Eric on The Road

Journeys into the offbeat, off the beaten path, overlooked and forgotten - by Eric Model

Friday, October 29, 2010

Salem expects a ghastly horde for Halloween (Boston Globe)

From The Boston Globe:

Posted by Martin Finucane October 29, 2010

A combination of fair weather and Halloween falling on a Sunday should provide a solid two days of what “could be the biggest crowd we’ve ever had,” said Salem Police Captain Brian Gilligan. He said 75,000 to 100,000 people could flock to the city each day.

Wednesday, October 20, 2010

The Original California Cuisine, Courtesy of Sunset Magazine (NY Times)

From The New York Times:

Published: October 19, 2010

Sunset has issued a collection of a thousand recipes, many of which helped define that other California cuisine. Although the magazine is Californian to its core, some of the recipes in “The Sunset Cookbook” (Oxmoor House, $34.95) are drawn from the other parts of the West that Sunset covers, like Hawaii and the Southwest. And any state in America might claim zucchini pickles. But laced throughout are some old-school California dishes like guacamole, grilled turkey, cioppino, barbecued oysters, Crab Louis and fish tacos.

Collectively, they summon a way of life that flourished in the postwar boom, when Sunset was a coffee-table staple.

Tuesday, October 19, 2010

Three Star Selection Change in Montreal (Montreal Gazette)

From The Montreal Gazette:

by Dave Stubbs
Montreal Gazette

Three-star selection, which began as a marketing tool, now in the hands of the public.

Sunday, October 17, 2010

Passing: Barbara Billingsley, TV’s June Cleaver (NY Times/LA Times)

From The New York Times:

Published: October 16, 2010

Barbara Billingsley, who as June Cleaver on the television series “Leave It to Beaver” personified a Hollywood postwar family ideal of the ever-sweet, ever-helpful suburban stay-at-home mom, died Saturday (October 16). She was 94.

From 1957 to 1963 and in decades of reruns, the glamorous June, who wore pearls and high heels at home, could be counted on to help her husband, Ward (Hugh Beaumont), get their son Theodore, better known as Beaver (Jerry Mathers), and his older brother, Wally (Tony Dow), out of countless minor jams, whether an alligator in the basement or a horse in the garage.

Baking a steady supply of cookies, she would use motherly intuition to sound the alarm about incipient trouble (“Ward, I’m worried about the Beaver”) in their immaculate, airy house in the fictional town of Mayfield.,0,7345907.story?page=1

Video of interview with Barbara Billingsley:

Friday, October 15, 2010

Podcast Posting: The Man They Called Mr. Goalie

With 11 All-Star team selections, three Vezina trophies, a Conn Smythe trophy, a Calder Memorial trophy and the invention of the butterfly style of goaltending to hsi name, Glenn Hall is among the premier contenders as best goaltender in National Hockey League history.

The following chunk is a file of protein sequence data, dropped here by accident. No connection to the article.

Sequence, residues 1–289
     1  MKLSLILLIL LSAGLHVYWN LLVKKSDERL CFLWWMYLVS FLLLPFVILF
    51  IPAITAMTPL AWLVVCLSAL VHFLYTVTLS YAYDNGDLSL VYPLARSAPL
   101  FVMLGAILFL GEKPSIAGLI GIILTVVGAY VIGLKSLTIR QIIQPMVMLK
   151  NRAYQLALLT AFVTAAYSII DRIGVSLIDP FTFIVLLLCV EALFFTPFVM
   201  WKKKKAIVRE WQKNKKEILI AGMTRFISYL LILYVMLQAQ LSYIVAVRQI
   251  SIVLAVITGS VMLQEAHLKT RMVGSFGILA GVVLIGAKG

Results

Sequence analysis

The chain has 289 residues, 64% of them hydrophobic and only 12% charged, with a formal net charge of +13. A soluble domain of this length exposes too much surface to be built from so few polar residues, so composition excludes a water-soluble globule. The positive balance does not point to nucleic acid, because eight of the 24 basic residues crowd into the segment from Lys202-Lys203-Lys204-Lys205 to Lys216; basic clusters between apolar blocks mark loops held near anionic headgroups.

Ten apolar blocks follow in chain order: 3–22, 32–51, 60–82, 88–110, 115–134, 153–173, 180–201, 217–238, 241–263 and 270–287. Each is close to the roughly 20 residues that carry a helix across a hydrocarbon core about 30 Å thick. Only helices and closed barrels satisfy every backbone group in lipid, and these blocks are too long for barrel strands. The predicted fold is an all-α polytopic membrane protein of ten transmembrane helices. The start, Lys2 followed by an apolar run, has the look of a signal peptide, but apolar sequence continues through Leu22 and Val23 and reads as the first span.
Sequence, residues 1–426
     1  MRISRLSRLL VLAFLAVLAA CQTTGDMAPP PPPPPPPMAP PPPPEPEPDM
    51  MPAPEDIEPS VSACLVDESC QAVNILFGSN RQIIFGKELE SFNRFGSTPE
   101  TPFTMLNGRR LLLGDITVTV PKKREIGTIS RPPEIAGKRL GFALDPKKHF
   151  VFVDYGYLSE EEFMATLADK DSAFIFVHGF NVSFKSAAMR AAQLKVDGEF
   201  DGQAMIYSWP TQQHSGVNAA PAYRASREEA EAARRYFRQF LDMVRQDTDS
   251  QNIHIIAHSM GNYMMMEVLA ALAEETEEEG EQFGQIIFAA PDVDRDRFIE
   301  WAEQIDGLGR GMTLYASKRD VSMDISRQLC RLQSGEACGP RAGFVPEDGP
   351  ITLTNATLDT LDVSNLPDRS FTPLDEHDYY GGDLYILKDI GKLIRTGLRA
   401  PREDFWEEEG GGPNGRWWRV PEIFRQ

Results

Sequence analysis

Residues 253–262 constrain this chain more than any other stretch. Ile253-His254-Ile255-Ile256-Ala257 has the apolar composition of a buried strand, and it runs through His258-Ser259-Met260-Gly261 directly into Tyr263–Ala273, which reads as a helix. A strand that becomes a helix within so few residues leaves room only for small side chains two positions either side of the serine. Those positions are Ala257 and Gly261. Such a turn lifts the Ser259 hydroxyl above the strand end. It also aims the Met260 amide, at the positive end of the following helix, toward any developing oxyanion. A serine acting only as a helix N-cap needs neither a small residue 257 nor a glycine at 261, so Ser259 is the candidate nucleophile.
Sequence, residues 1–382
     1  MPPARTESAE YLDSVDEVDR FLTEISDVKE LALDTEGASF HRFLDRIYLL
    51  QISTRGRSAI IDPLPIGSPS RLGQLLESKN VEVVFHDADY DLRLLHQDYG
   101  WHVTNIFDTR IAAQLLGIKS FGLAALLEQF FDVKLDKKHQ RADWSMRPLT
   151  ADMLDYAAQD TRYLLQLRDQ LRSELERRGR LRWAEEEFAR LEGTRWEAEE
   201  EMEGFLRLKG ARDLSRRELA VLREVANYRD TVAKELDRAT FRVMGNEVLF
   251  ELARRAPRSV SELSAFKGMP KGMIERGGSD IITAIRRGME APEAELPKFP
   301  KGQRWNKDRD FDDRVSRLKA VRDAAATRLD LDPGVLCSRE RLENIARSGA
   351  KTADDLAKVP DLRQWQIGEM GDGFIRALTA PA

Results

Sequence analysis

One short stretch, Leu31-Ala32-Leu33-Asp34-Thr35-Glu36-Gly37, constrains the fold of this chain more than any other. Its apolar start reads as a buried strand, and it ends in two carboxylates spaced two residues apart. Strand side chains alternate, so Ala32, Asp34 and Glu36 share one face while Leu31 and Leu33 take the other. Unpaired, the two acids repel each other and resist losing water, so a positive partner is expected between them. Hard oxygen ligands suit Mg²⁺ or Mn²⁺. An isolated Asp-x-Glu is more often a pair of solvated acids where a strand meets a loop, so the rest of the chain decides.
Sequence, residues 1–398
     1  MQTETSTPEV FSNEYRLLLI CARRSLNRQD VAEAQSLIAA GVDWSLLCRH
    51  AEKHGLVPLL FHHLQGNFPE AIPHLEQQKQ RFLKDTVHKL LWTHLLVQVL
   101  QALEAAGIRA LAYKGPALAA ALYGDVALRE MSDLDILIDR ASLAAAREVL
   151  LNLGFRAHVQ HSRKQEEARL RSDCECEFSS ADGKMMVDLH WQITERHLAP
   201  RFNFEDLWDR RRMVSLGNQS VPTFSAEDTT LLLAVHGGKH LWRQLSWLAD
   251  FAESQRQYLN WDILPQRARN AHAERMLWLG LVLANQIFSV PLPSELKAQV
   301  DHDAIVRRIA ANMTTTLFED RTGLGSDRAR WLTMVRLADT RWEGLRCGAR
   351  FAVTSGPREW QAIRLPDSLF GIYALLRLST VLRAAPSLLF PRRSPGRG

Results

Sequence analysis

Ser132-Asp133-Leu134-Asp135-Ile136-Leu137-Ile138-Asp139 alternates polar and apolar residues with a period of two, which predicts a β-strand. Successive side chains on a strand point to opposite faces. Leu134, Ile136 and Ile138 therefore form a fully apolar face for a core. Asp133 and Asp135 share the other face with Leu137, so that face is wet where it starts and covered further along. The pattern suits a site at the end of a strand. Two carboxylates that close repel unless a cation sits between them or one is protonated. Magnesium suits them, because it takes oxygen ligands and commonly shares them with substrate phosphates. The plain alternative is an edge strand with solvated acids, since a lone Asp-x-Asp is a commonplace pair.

Hockey coach, and writer Tom Adrahatas has made a case that Glenn Hall is, in fact, the number one goaltender of all time.

He did so in a 2002 book “Glenn Hall – The Man They Call Mr. Goalie” Greystone Books). He is also did so with us in this “Journey into Hockey” conversation.From Detroit to Chicago to St. Louis, Glenn Hall made a difference where he played. He established a remarkable and still unbroken record of 502 consecutive games played. And that’s just for starters.

Tom Adrahatas is coached for some three decades – including teams that went to the U.S. National Championships at the Bantam AAA, Midget AAA, and Junior A levels. A longtime fan of the Chicago Black Hawks and Glenn Hall, he lives in Chicago.


Podcast Posting: The Trail Less Traveled - The Yukon's Dawson City to Ottawa Stanley Cup Re-enactment

On December 18, 1904 the upstart Dawson City Klondikers began their 4000-mile trek to wrest the Stanley Cup from the Ottawa Silver Seven. Twenty-four days later, after trudging 350 miles behind their dog teams, lurching and rolling down the inside passage, and whiling away endless days on the CPR, the rubber-legged, travel-worn players staggered into Ottawa’s Union Station. In less than thirty-six hours they would meet their fate against the greatest hockey team ever assembled, creating the most enduring legend in hockey history.

Ninety-two years later a team of oldtimer hockey players from Dawson City re-created that epic journey, inviting Don Reddick, American author of Dawson City Seven, to accompany them. As the team wends its way once again through the Yukon wilderness, down Alaska’s panhandle, and across the vast Canadian shield to face the Ottawa Senators Alumni, Reddick weaves his way through the history of the original games, the backdrop of the Klondike gold rush, and the characters of today’s Yukon.

Author Den Reddick tells the story of his trip as part of the re-enactment.


Monday, October 11, 2010

Baseball as seen from Minnesota

The Twins may be out but the fresh air from Minnesota can still be felt. Read these takes from the New York Times on baseball the way it should be.

Lovely in Twin Cities, With Usual Fall:

Keillor, Twins Fan, Knows Not To Fret